It's such a neat little trick to use in dialogue when you feel like the word "said" is showing up every other line.
    Im sure that there is more to the conversation, but it is a bit confusing. I cant tell if the girl is introducing herself to the male character or if she is turning away from the conversation to introduce herself to someone else, like when a employee turns to talk to a customer. If it is the second one, I think it should be indicated. I think you can also combine the last two tags.

    "Hello," she said with a grin. "Pleasure to meet you."

    But that's just me.

    I try to avoid 'said' as much as I can but sometimes it comes up and that is perfectly fine. I was taught to avoid using 'said' but it should be up to you to decide.
    Last edited by TheWonderingNovice; December 19th, 2015 at 05:33 AM.
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    If not, it can't be helped.

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  7. #17
    Quote Originally Posted by TheYellowMustang View Post
    I frequently come across stories where writers use this trick:

    "As if you'll manage that," she snickered.
    "I hate you," he scowled.
    "Hello!" she grinned.
    "Pleasure to meet you," she smiled and nodded.

    Then I read somewhere that you CANNOT smile or scowl a word or sentence, and that replacing such words with "said" is wrong.

    Is it a rule against it, or...?
    It's such a neat little trick to use in dialogue when you feel like the word "said" is showing up every other line.

    This is perfectly normal with dialogue tags. It's simply substituting said with another verb in place. I use it all the time myself.
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  8. #18
    Generally, unless it's a direct dialogue tag, I use a period.

    "Hey," he said.
    vs
    "Hey." He smiled wide.

    That's my method, and I feel it's very readable. But I wouldn't be put off by aforementioned methods. As long as it never became grating through repetition or by stretching the concept to an extreme.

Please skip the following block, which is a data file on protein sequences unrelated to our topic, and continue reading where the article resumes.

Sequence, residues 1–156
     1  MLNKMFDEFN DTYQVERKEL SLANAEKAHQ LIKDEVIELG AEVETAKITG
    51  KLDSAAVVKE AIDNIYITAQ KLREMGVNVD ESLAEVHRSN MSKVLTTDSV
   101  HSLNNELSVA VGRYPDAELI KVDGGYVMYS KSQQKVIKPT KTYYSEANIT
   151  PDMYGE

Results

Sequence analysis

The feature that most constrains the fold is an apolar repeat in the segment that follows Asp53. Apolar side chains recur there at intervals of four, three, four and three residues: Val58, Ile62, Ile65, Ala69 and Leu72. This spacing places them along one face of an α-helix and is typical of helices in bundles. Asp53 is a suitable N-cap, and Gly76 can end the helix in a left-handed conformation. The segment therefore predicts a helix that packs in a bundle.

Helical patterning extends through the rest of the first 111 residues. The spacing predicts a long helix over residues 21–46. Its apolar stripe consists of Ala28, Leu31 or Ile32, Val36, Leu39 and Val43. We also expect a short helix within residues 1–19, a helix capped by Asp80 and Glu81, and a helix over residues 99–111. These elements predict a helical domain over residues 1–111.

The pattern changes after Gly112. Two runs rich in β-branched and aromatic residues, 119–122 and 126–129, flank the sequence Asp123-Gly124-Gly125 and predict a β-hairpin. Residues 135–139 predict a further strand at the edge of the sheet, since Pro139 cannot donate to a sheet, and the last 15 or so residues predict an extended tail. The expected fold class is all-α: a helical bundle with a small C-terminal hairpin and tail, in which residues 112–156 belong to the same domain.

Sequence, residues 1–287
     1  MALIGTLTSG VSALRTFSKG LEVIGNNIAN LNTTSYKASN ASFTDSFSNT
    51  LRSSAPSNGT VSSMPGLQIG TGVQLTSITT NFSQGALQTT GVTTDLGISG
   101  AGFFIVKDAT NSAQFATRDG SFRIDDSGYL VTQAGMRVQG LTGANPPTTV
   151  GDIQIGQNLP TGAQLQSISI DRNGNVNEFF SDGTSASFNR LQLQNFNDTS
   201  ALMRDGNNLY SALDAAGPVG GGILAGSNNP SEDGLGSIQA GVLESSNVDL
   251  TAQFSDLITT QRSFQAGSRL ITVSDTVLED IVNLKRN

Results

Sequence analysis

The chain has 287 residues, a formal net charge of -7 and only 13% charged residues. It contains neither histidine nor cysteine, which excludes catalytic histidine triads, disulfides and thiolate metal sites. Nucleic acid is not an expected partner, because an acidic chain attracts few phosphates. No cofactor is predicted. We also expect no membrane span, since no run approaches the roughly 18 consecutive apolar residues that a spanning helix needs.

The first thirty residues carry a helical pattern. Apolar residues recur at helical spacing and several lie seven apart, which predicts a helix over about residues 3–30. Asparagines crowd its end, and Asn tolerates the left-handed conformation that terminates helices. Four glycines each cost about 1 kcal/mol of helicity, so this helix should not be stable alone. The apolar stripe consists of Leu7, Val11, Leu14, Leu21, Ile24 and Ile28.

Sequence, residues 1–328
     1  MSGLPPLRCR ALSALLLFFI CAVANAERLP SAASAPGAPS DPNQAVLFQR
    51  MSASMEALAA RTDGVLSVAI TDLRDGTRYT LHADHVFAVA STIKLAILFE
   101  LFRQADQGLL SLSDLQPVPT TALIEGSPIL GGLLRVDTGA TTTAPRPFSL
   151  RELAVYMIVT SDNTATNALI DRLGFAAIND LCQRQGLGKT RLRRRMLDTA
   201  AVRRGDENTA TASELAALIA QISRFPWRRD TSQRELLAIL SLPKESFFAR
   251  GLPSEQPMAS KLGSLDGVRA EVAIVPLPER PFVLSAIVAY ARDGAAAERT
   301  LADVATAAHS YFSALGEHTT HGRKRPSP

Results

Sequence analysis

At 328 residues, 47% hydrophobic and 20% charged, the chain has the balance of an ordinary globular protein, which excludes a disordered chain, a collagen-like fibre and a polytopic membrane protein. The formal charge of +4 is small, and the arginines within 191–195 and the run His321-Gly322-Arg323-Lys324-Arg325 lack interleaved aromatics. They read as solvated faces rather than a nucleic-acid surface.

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  9. #19
    "Hi there," he said, with a grin.

    Otherwise, you're saying that he said "with a grin" as well as "hi there".

    There's always a comma before that 'with', whether it's "with a grin", "with a smile", or or any other 'with' you can think of.
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  10. #20
    I am a believer in using the simplest tags possible.
    Say, Tell, Ask, Answer. Get funky and throw in a reply from time to time.
    I agree that you cannot grin dialogue. Or weep or cry dialogue.
    I also like breaking up dialogue into small parts instead of putting extra info into the tags.
    "Hi, there," he said with a grin
    vs.
    "Hi, there," Bill said. He grinned when he saw Mary's reaction to his appearance. "It's been a long time."

    Or


    "Hi, there." Bill grinned when he saw Mary's reaction to his appearance. "It's been a long time."

    Also cool is to skip the dialogue tag whenever it is obvious who is talking.

    One of the easiest ways to stand out from the crowd is to get the dialogue smooth. All the extra attributes just throw a wrench into the works.
    Some writers never use anything other than 'Said.' Robert B. Parker comes to mind.
    It begs the question, if some writers can get everything across with just said, isn't all that other stuff just useless, extra fluff?